British Library Cataloguing in Publication Data

A catalogue record for this book is available from the British Library

ISBN 978 0 7453 4038 8 Hardback

ISBN 978 0 7453 4039 5 Paperback

ISBN 978 1 7868 0586 7 PDF eBook

ISBN 978 1 7868 0588 1 Kindle eBook

ISBN 978 1 7868 0587 4 EPUB eBook

This book is printed on paper suitable for recycling and made from fully managed and sustained forest sources. Logging, pulping and manufacturing processes are expected to conform to the environmental standards of the country of origin.

Typeset by Stanford DTP Services, Northampton, England

Simultaneously printed in the United Kingdom and United States of America


Series Preface



1   Gambling’s New Deal

2   Raffles: Gambling for Good

3   The Birth of the Betting Shop

4   The Rise of the Machines

5   The Responsible Gambling Myth

6   The Bookmaker’s Lament

7   Online in Gibraltar

8   The Regulation Game





Series Preface

As people around the world confront the inequality and injustice of new forms of oppression, as well as the impacts of human life on planetary ecosystems, this book series asks what anthropology can contribute to the crises and challenges of the twenty-first century. Our goal is to establish a distinctive anthropological contribution to debates and discussions that are often dominated by politics and economics. What is sorely lacking, and what anthropological methods can provide, is an appreciation of the human condition.

We publish works that draw inspiration from traditions of ethnographic research and anthropological analysis to address power and social change while keeping the struggles and stories of human beings’ centre stage. We welcome books that set out to make anthropology matter, bringing classic anthropological concerns with exchange, difference, belief, kinship and the material world into engagement with contemporary environmental change, capitalist economy and forms of inequality. We publish work from all traditions of anthropology, combining theoretical debate with empirical evidence to demonstrate the unique contribution anthropology can make to understanding the contemporary world.

Jamie Cross, Christina Garsten and Joshua O. Reno


This book is the culmination of many years of fieldwork and it would be impossible, in a brief note, to acknowledge everyone who has played a part in its production. On the other hand, not everyone who contributed to this book would wish to be recognised for their input. So I begin by expressing my appreciation to everyone who has spoken to me or written to me about gambling over the past fifteen years. Every conversation in the margins of a conference or in a betting shop was valuable and helped to inform my understanding of gambling and politics, perhaps not always in the ways intended by my interlocutors.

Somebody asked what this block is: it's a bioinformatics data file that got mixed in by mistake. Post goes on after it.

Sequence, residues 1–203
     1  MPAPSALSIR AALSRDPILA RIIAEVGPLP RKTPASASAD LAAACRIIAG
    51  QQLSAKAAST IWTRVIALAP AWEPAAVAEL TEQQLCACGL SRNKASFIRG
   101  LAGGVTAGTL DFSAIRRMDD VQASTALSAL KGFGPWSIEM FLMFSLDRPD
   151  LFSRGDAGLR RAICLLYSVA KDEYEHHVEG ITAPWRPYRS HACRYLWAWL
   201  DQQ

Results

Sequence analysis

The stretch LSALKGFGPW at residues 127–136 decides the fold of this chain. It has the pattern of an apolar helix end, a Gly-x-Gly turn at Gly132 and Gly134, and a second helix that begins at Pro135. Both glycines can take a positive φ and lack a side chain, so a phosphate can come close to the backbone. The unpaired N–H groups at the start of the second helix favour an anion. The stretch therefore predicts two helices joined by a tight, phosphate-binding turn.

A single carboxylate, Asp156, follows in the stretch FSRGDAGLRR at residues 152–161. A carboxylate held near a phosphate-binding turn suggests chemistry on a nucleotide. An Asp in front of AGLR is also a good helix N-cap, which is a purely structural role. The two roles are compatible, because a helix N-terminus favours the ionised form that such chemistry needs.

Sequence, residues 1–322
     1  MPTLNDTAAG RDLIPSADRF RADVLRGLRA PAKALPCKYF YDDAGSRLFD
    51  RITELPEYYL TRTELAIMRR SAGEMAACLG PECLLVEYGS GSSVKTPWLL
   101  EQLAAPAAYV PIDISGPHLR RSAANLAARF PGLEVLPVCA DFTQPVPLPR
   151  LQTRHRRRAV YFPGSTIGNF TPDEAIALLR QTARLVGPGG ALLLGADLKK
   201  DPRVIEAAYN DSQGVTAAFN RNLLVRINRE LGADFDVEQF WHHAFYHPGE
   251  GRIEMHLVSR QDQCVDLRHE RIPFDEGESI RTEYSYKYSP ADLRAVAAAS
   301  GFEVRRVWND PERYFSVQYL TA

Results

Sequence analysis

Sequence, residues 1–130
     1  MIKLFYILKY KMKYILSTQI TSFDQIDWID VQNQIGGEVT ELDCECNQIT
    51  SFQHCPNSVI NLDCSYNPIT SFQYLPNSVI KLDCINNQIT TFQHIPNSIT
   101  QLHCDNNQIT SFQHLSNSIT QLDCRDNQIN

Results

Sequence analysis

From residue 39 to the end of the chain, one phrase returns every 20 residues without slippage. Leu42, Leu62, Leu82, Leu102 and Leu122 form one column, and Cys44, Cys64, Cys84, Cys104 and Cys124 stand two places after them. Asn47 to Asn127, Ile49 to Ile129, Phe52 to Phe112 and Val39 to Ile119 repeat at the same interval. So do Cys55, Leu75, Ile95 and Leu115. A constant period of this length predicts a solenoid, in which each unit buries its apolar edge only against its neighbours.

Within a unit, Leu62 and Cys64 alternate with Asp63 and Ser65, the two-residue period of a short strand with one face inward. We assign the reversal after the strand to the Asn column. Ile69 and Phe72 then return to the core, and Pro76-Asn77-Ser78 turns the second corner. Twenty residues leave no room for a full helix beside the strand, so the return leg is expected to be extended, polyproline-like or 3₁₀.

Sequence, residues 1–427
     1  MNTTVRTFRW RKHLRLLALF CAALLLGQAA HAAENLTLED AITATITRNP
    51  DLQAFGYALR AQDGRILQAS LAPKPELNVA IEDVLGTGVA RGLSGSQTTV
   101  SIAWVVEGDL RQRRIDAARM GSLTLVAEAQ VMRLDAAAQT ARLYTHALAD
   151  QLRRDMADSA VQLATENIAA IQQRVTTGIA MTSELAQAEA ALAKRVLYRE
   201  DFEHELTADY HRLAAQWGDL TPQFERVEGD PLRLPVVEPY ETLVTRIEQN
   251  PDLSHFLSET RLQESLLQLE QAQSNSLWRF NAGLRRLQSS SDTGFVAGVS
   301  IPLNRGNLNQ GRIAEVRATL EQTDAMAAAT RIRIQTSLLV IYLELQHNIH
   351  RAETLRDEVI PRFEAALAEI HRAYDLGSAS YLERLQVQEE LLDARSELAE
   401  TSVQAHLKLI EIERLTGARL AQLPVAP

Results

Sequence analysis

My greatest debt is to the many gamblers who shared their experiences with me, and made me question the powerful narrative that gambling is a leisure activity, the equivalent of going bowling or to the cinema. I am particularly indebted to those who spoke to me about gambling harm. To take time to speak with a researcher while dealing with the utter misery that gambling addiction can inflict upon individuals and their families is an act of great generosity. I hope that hearing about their experiences will inspire more people to accept that gambling addiction is an illness and that the harm caused by gambling is everyone’s responsibility. In striking contrast to other fields where patient and public participation is considered absolutely essential, the views of experts by experience have not informed gambling policy and research in the UK. I hope that this situation is about to change, largely thanks to the efforts of charities including Gambling With Lives.